Automotive

Renault ZOE claims 24-hour distance record for a production EV

A ZOE EV going round the speed ring in Normandy on the record-breaking attemot
A ZOE EV going round the speed ring in Normandy on the record-breaking attemot
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The team responsible for the ZOE's world record-breaking effort
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The team responsible for the ZOE's world record-breaking effort
A ZOE EV going round the speed ring in Normandy on the record-breaking attemot
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A ZOE EV going round the speed ring in Normandy on the record-breaking attemot
Two Renault ZOE's took part on the record-breaking attempt
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Two Renault ZOE's took part on the record-breaking attempt
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With the age of production electric vehicles still in its relative infancy, it’s not surprising to see new records being claimed on a fairly regular basis. The latest company putting its EV on the world record podium is Renault, which is claiming the world record for the longest distance traveled in 24 hours by a production EV.

The record-breaking drive took place on June 1, 2012, on the speed ring at the Aubevoye technical centre (CTA) in Normandy with two of the French automaker’s ZOE electric vehicles setting out at 4:00 pm local time. Over the next 24 hours, fifteen drivers took turns at the respective wheels, recharging the vehicles as necessary.

The team responsible for the ZOE's world record-breaking effort
The team responsible for the ZOE's world record-breaking effort

When the clock ticked over to 4:00 pm on June 2, one vehicle had traveled 1,506 km (935.78 miles), while the other completed 363 laps of the speed ring to achieve a total distance of 1,618 km (1,005.37 miles), bettering the previous record of 1,280 km (795.35 miles) by some 25 percent. An official was on hand and Guinness Book of Records homologation is pending.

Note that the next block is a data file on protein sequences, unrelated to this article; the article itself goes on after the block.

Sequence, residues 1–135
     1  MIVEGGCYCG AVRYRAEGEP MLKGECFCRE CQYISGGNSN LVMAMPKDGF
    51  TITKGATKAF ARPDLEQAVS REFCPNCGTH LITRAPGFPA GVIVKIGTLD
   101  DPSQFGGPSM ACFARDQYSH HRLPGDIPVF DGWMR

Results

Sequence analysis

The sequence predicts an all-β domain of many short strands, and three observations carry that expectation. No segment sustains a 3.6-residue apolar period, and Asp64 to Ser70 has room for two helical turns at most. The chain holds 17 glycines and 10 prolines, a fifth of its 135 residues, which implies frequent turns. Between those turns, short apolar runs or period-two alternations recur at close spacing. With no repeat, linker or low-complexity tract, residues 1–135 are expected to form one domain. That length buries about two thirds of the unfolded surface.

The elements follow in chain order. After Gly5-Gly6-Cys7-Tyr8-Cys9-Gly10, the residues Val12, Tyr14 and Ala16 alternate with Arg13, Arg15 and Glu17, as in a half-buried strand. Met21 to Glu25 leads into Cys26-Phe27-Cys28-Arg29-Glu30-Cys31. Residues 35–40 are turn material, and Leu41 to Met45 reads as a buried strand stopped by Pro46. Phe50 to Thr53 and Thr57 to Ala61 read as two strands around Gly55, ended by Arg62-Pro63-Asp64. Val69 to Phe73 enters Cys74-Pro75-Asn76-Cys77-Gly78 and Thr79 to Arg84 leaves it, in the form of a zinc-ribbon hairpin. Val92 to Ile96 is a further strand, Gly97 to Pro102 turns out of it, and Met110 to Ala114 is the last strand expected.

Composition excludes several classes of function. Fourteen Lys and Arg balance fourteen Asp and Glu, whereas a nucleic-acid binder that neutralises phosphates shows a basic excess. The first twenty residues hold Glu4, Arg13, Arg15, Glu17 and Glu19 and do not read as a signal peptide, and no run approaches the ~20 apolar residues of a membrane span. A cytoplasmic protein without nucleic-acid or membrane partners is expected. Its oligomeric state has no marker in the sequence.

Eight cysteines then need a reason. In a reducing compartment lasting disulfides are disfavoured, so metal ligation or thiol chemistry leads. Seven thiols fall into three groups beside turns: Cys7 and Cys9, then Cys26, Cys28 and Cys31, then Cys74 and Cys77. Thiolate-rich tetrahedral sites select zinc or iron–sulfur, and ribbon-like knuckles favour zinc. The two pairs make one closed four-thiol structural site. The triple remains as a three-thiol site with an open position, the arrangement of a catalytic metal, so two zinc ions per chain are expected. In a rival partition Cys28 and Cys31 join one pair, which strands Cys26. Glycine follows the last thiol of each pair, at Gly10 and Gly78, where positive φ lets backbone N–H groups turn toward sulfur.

Over the 24 hour period, the ZOE setting the new record was fast charged 18 times. Fast charging allows the vehicle to regain 80 percent on its battery capacity in under 30 minutes and makes use of Renault’s patented Caméléon charger that is compatible with any power socket up to 43 kW.

Source: Renault

9 comments
mrhuckfin
O.K. I thought this was pretty cool till that last bit? I cry foul! How far will they go on ONE charge? :-)
agulesin
@mrhuckfin - tried dividing 1,618 km by 18? gives 89km which sounds a bit low... Saw one of these in the local dealer but we need a Hybrid!
sinan
Well, if you pour petrol in it, it's not an EV. Hybrid is expensive in every sense, you have two engines instead of one plus the inconveniences of fossils which we desperately trying to get rid of. Most of us shouldn't have a problem with 100 km between charges, besides if they have quickdropped depleted batteries in less than a minute that would be much more conveying (as they do with Taxis in Tokyo, all day and night long).
Chris Keane
still rubbish.18 charges,more stops than a coach load of incontinent pensioners.also,were they stripped for weight reduction,i bet they were really modified,electric cars still have a really really long way to go. 89 km,total crap.ok for citys,park and leave,long distance,useless,hybrids work but look at the cost,boot taken up with battery,two technologies to go wrong,when age sets in,massive repair diagnosis bills,not there yet.
Dave Andrews
It will be awesome once they can quick-charge a Tesla S. Even at only 80% charge, that's 240 miles per charge. If it could be recharged in less than 30 minutes, that would allow you to drive 240 miles, take a short break and get a bite to eat and keep going. At normal highway speeds, that's roughly 3.25 to 3.5 hours between charges. I get stiff driving that long anyway, so I don't mind a stretch every few hours. It'll be a while before we have the proper infrastructure though, with charging stations all over the place.
Ric Alien
that's about 55miles per charge if you do the math 1005 miles + 18 charges.
Marc 1
Chris, Where does it say the vehicles were stripped or modified? The class of record these vehicles competed in was PRODUCTION, so they would have been standard. Weight reduction would have done bugger all anyway - weight only plays a part when you accellerate - they only have to do that once every 89km. Rather than the glass half empty approach of the nay sayers, I see this as being an advance. There would not be many people who commute more than 89km to and from work every day. Conceivably you could drive in, plug in then drive home - even if your shift at work only lasted 30 minutes. Or, as an idea on a standard 8 hour workday, one charger could charge 16 cars. Sounds like a good way to share the cost of an office charger. EV's aren't the answer to everybodies prayers, but they could answer the needs of many.
Slowburn
So an electric car can now travel about 55% of the distance in 24 hours of an ICE car traveling at 75 MPH.
pointyup
Bit silly. Need distance on one charge. I will look very carefully befor buying a Renault. I am still waiting for an EV that can cover 300km on one charge and recharge in 5 hours.